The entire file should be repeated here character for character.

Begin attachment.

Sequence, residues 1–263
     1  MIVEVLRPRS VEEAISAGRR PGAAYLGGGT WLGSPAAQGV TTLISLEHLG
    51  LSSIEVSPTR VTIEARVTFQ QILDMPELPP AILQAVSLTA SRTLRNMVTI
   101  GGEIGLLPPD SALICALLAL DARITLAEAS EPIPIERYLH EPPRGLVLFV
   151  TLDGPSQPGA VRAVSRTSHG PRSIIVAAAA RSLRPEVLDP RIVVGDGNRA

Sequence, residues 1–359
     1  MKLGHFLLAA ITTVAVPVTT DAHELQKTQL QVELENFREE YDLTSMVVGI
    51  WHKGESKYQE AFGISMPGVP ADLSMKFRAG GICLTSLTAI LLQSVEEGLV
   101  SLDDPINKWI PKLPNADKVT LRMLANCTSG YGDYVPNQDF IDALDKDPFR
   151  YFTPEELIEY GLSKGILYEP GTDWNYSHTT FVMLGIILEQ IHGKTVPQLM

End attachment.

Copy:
Sequence, residues 1–263
     1  MIVEVLRPRS VEEAISAGRR PGAAYLGGGT WLGSPAAQGV TTLISLEHLG
    51  LSSIEVSPTR VTIEARVTFQ QILDMPELPP AILQAVSLTA SRTLRNMVTI
   101  GGEIGLLPPD SALICALLAL DARITLAEAS EPIPIERYLH EPPRGLVLFV
   151  TLDGPSQPGA VRAVSRTSHG PRSIIVAAAA RSLRPEVLDP RIVVGDGNRA

Sequence, residues 1–359
     1  MKLGHFLLAA ITTVAVPVTT DAHELQKTQL QVELENFREE YDLTSMVVGI
    51  WHKGESKYQE AFGISMPGVP ADLSMKFRAG GICLTSLTAI LLQSVEEGLV
   101  SLDDPINKWI PKLPNADKVT LRMLANCTSG YGDYVPNQDF IDALDKDPFR
   151  YFTPEELIEY GLSKGILYEP GTDWNYSHTT FVMLGIILEQ IHGKTVPQLM